Sichenzia Ross Ference Litigation Partners Marc Ross and Scott Furst Prevail on Multiple Appeals on Behalf of Client in a Multi-Year Southampton Property Dispute

Press Release – New York, NY – May 30, 2019 – Sichenzia Ross Ference LLP (SRF) litigation partners Marc Ross and Scott Furst, together with appellate counsel, prevailed on multiple appeals taken to the Supreme Court New York, Appellate Division: Second Judicial Department.  The appeals sought to reverse a Suffolk County trial court’s denial of a motion to dismiss a lawsuit commenced in 2015 by adjacent property owners who sought and were awarded by the trial court injunctive relief halting an ongoing, residential construction overlooking Shinnecock Bay, in the Town of Southampton.  An earlier, related litigation concerning the property and its compliance with the local zoning laws relating to height and setback requirements, ultimately failed to resolve the dispute and gave rise to the instant lawsuit at which time SRF was engaged by the Appellant to take over the litigation.

Working with architects and expert witnesses, SRF actively litigated the defense, including developing critical documentary and testimonial evidence relating to Southampton’s zoning code and compliance with the Village’s permitting process from, among others, its Chief Building Inspector.  Further, the record demonstrated to the satisfaction of the Appellate Division, that the plaintiffs had knowingly delayed the filing of their lawsuit for years after they had first received notice of the issuance of building permits, withdrawn their administrative challenges to the permits before the local Zoning Board of Appeals and observed the excavation of the future home site, the pouring of its foundation and footings and the partial framing of its exterior before seeking a preliminary injunction.  The record proved pivotal to the appeals.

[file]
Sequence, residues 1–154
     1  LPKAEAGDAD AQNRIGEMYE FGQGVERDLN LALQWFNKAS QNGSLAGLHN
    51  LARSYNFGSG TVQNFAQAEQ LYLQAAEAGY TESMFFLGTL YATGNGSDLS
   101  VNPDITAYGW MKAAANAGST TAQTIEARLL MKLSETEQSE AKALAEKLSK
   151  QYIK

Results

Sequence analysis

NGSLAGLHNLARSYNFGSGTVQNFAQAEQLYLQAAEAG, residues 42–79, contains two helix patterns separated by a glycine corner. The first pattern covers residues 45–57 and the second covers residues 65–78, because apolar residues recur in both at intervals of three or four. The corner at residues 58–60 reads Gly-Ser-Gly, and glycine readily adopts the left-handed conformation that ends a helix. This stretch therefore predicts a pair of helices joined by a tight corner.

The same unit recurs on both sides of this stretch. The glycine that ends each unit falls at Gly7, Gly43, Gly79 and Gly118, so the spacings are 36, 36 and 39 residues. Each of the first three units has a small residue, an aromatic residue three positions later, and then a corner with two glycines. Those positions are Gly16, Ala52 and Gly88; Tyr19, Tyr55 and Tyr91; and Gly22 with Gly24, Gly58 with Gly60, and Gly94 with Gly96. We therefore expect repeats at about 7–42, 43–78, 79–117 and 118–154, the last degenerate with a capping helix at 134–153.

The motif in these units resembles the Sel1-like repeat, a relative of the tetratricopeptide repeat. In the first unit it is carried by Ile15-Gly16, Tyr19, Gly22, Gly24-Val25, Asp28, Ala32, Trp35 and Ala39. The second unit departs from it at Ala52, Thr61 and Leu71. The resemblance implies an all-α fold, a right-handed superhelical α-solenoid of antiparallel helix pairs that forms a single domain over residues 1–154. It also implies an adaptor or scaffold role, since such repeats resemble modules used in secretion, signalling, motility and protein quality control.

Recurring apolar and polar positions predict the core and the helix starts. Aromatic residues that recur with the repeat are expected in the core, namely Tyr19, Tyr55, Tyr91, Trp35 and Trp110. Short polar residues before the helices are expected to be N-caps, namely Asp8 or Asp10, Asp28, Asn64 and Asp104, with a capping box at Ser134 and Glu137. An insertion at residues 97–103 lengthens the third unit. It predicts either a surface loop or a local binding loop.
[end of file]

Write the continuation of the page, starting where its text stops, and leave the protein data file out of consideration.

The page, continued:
“Although they raised a variety of arguments at every stage of the litigation and appeals, the simple truth is this protracted dispute was the product of the adjacent property owners trying to improperly use the courts to protect their water views – a right not recognized under New York law or the local zoning laws,” said Mr. Furst.

“Like our client, we are very gratified that the Appellate Division saw the issues as we did after years of contentious, but ultimately necessary, litigation,” added Mr. Ross.

Kverel v. Silverman,  LLC, 2019 N.Y. App. Div. LEXIS 4138 (2d Dep’t 2019), Kverel v. Silverman,  LLC, 2019 N.Y. App. Div. LEXIS 4199 (2d Dep’t 2019).